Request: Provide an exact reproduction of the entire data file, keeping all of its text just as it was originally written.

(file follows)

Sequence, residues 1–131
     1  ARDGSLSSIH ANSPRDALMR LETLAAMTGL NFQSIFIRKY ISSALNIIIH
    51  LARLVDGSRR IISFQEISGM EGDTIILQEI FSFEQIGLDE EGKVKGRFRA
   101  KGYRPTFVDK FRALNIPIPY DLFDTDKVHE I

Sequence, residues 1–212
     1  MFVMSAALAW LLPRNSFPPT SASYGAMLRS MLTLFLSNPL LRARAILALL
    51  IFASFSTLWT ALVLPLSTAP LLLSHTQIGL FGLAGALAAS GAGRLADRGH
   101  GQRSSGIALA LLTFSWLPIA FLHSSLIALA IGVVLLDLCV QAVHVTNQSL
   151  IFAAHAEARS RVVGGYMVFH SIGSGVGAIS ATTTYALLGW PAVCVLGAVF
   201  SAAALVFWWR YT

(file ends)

Sequence, residues 1–131
     1  ARDGSLSSIH ANSPRDALMR LETLAAMTGL NFQSIFIRKY ISSALNIIIH
    51  LARLVDGSRR IISFQEISGM EGDTIILQEI FSFEQIGLDE EGKVKGRFRA
   101  KGYRPTFVDK FRALNIPIPY DLFDTDKVHE I

Sequence, residues 1–212
     1  MFVMSAALAW LLPRNSFPPT SASYGAMLRS MLTLFLSNPL LRARAILALL
    51  IFASFSTLWT ALVLPLSTAP LLLSHTQIGL FGLAGALAAS GAGRLADRGH
   101  GQRSSGIALA LLTFSWLPIA FLHSSLIALA IGVVLLDLCV QAVHVTNQSL
   151  IFAAHAEARS RVVGGYMVFH SIGSGVGAIS ATTTYALLGW PAVCVLGAVF
   201  SAAALVFWWR YT